The postmodern, globalized world that prizes individualism, personal success and achievement above most everything else, causes many people to drift apart from one another. As a priest, having been exposed to a relative variety of situations in different places, one thing I realize is the fact that even in very small externally tightly packed enclaves within subdivisions and posh villages, or simple barrios all over the country, there is a growing phenomenon of communities becoming gradually estranged from each other. Gone are the days of communities whose members know exactly what is going on with each other’s families, when everybody’s concern is everybody’s business, when there is a lot of “feeling for” others in a lot of ways.

I cer…


Catholic Homily/Sunday Reflection
22nd Sunday - Year A
August 31, 2008Readings: Jer 20:7-9 / Rom 12:1-2 / Mt 16:21-27

The language of today’s liturgy could be a little too graphic and straightforward for comfort. There is a whole lot of passion and emotion jutting out of every line, particularly in the first and third readings. The choice of words, particularly of Jeremiah, evokes the idea of paradox – two seemingly contradictory things put side by side and still capable of putting forth a meaning that goes beyond both elements of the paradox. Jeremiah’s words remind me of what we do when things do not go our way: we complain profusely. We cry out in protest. We make noise and we clamor for redress. Jeremiah’s language today is definitely one of complaint – and I have it on the authority of those who know Hebrew – rather coarse and brash. “You duped me, O Lord, and I let myself be duped; you were too strong for me, and you triumphed. All the day, I am an object of laughter; everyone mock…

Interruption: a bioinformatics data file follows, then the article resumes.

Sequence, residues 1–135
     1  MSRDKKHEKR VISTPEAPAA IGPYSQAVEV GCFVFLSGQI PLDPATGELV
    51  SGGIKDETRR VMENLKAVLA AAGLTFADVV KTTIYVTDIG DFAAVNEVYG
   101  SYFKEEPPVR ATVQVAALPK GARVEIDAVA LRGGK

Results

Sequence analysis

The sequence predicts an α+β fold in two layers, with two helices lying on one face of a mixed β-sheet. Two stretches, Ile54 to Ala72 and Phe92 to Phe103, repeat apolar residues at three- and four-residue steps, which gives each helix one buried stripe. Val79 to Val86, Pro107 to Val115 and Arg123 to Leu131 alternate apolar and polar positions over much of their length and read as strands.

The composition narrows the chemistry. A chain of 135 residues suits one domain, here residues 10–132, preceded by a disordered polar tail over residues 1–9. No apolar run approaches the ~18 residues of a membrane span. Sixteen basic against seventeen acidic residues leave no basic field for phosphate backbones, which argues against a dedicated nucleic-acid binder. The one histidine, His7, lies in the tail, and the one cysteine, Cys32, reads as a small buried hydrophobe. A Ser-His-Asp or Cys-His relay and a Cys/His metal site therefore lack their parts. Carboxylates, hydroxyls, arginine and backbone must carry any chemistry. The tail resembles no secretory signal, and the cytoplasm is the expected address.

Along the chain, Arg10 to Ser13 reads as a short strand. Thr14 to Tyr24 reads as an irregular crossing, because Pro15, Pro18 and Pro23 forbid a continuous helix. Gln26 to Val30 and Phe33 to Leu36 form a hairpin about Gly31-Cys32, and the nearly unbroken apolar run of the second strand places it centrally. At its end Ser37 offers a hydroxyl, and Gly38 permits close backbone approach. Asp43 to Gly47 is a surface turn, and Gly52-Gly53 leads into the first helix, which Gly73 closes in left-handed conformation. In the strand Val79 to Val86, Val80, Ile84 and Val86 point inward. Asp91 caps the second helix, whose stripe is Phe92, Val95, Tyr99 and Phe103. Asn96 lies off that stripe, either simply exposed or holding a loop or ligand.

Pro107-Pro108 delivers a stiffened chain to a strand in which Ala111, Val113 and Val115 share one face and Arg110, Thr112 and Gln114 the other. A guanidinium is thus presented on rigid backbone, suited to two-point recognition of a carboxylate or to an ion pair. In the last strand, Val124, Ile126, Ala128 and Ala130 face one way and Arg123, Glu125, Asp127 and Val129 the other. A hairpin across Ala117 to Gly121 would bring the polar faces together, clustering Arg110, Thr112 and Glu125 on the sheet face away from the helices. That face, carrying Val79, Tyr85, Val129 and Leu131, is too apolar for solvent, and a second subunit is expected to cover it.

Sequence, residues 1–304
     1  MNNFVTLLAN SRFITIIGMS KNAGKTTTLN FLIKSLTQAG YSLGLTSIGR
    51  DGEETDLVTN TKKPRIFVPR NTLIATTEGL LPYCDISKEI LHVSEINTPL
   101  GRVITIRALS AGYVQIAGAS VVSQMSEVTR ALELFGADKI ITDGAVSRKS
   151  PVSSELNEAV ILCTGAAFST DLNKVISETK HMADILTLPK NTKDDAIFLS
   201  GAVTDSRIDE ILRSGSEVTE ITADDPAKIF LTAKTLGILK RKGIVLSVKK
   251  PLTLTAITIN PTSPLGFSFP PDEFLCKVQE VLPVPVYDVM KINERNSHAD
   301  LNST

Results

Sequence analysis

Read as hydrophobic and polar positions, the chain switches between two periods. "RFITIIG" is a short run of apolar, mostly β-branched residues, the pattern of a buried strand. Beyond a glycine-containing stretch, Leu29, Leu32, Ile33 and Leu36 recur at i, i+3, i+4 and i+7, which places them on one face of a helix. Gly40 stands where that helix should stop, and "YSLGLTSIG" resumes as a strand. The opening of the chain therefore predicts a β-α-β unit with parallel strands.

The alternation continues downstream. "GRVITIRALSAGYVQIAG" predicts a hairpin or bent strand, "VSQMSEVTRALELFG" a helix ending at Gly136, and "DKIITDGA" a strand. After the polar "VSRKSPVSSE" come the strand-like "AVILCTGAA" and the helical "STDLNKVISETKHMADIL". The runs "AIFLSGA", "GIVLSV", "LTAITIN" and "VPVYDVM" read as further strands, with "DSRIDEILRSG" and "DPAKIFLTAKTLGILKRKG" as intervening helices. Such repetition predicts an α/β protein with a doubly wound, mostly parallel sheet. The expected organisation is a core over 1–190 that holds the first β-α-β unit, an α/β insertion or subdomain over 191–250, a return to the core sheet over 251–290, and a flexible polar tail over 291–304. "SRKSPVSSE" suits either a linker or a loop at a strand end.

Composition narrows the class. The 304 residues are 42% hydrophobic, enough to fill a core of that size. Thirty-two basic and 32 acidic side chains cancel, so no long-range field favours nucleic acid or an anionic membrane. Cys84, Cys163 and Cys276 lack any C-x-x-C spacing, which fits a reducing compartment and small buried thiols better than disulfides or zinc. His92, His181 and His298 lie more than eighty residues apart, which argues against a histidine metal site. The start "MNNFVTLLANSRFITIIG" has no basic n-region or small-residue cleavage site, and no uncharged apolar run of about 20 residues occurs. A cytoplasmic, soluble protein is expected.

Catholic Homily/Sunday Reflections
21st Sunday in Ordinary Time, Year A
August 24, 2008

Readings: Isaiah 22: 19-23 / Romans 11:33-36 / Mt 16:13-20

We all love a firm leader… one with clear directions, steadfast in resolve, willing to go the extra mile to meet common goals, unflinching in his commitment, unwavering in his resolve, yet solidly grounded in the human reality of failure and weakness. And precisely because such leader is in touch with the human possibility of failure, he also has compassion, patience and gentleness with the erring, the wayward, the lost, and perhaps, the least promising.

Unfortunately, such leaders are few and far between, if not downright unavailable, in most places all over the world. Societies think they can raise them. Schools of leadership abound everywhere. The Kennedy Institute for political leaders is a much-coveted place to be for any aspiring and ambitious politician, for example.

But alas, leaders are born, not made!

I would like to add to this. Leaders…


Catholic Homily/ Marian Reflection
Solemnity of the Assumption of the Blessed Virgin Mary
August 15, 2008

In these days, the whole world is focused on seeing stars, gold, stripes, honor, and reward … in Beijing, for the much-awaited summer olympics. For the more than 200 countries and territories that sent contingents big or small, the ultimate goal is that much coveted place under the golden sun, preferably replete with gold medals galore as testimony to their achievement, prowess, skills, and abilities in the various sports that the whole world tries to excel in … citius, fortius, altius … all goaded on by the mythical more in every sense of the term … faster, stronger, and higher!